After 40 years in business, Buffalo Cardiology & Pulmonary Associates, a 16-physician group, is closing its doors. According to The Buffalo News, the group’s closing is part of an industry trend in which doctors are moving into large, multispecialty groups or becoming hospital employees.
Gina Gray, the group’s practice administrator, said in a statement the large private practice model for physician specialists no longer makes sense as it did when the practice opened in the ‘70s. "We are in the midst of a new era of healthcare that forces specialists to link in practice with primary-care physicians, either employed by a hospital system, or at extremely large conglomerations of integrated care," she said.
Regulatory issues are a contributing factor
Dr. Robert P. Gatewood Jr., president of the practice, told Buffalo Business First the administrative part of running a practice has become so complex with all the new regulations imposed by the ACA that it’s too cumbersome. “We just want to take care of patients and let others take care of the administrative part of it,” he said. “That’s much easier to do in a large, integrated system where everyone’s sharing HR, billing, hiring and all of that stuff."
According to Aaron Money, a senior managing director of San Francisco private equity firm FFL, which invests in healthcare services, there are a number of ongoing changes in the healthcare field that make it difficult for small, independent group practices and solo practitioners to thrive. “Probably the biggest factors are ever-increasing coding and documentation requirements, greater complexity in how reimbursement works and the importance of demonstrating quality outcomes,” he says. “Heightened competition for new patients – both from sophisticated multi-channel marketing and the emergence of different models to better capture referrals from other providers – is another continuing trend.”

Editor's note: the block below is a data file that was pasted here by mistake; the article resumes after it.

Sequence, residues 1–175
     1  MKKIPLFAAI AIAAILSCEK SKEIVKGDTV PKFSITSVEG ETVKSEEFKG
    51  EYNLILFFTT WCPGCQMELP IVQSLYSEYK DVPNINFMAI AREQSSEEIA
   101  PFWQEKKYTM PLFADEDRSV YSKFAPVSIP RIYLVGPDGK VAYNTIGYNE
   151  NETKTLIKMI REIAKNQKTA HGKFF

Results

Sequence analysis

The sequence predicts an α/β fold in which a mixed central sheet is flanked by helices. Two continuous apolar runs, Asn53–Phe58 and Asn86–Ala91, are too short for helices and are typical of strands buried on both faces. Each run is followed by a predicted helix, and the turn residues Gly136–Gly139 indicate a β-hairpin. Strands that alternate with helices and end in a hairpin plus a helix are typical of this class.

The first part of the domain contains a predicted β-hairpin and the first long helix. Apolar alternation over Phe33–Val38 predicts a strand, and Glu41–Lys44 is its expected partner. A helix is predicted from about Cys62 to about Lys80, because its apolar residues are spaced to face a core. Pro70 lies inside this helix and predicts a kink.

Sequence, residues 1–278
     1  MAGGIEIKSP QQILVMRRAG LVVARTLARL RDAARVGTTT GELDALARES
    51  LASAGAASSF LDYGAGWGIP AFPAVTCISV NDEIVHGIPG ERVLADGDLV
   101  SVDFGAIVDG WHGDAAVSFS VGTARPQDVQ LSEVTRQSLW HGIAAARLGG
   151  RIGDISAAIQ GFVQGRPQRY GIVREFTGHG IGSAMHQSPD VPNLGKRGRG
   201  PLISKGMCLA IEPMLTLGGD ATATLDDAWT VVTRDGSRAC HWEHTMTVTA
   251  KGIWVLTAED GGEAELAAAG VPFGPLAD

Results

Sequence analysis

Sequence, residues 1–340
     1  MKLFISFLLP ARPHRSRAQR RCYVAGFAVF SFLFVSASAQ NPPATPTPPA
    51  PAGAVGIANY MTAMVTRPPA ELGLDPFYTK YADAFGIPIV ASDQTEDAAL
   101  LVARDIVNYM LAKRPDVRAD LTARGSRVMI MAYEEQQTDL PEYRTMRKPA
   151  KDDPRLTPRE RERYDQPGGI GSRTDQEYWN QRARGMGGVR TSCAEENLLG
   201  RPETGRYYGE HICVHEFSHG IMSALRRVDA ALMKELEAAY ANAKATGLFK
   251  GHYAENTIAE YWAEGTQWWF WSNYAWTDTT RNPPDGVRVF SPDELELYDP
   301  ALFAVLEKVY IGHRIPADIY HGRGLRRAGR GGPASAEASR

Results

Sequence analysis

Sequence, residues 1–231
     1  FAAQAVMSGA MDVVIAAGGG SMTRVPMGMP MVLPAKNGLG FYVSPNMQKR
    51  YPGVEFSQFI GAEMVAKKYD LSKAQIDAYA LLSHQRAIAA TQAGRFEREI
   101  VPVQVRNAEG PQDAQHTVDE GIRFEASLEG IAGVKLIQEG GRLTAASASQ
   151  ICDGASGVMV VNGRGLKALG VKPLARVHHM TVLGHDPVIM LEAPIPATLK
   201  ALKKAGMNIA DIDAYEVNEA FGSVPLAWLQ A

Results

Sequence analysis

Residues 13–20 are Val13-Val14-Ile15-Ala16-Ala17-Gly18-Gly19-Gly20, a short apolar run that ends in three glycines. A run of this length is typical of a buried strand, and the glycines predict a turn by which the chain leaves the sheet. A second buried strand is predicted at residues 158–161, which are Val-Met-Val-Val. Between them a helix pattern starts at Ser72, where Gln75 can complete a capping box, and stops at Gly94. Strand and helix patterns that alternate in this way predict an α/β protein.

Decreasing revenues are also to blame
Under the ACA, Medicare reimbursement for private practices has continued to drop. According to CNN, reduced incentive payments and Medicare reimbursements, bundled payments and reimbursements based on metrics are making private practices unprofitable for those who do not adapt.
Strategies for success
In an article in Medical Economics, Nancy Groves said that collaboration is the key to small practice success. For example, Ripley R. Hollister, MD, a family physician in Colorado Springs, said he joined an independent practice association (IPA) that includes nine small practices. Hollister said the IPA gives him a larger population of patients to manage and more money to help with patient education and healthcare management team members, case managers and social workers.
Hollister also said the IPA has more leverage when entering into financial arrangements with insurance companies.
Money offers a couple of additional strategies that may help small practices to survive in today’s healthcare climate:
- Consider hiring a private equity investor: “Fortunately for providers, there are private equity investors out there that offer clinical autonomy while supporting doctors with real business expertise, operational infrastructure and capital to invest in their practices,” says Money. “The right investor can enable doctors to re-focus their efforts on providing quality care to patients and still effectively compete in today’s changing landscape, offering an alternative to a large corporate roll-up or health system.”
- Develop a good strategy for IT. Money says it’s not only important to have a thoughtful IT strategy, but to also have the means to invest behind that strategy.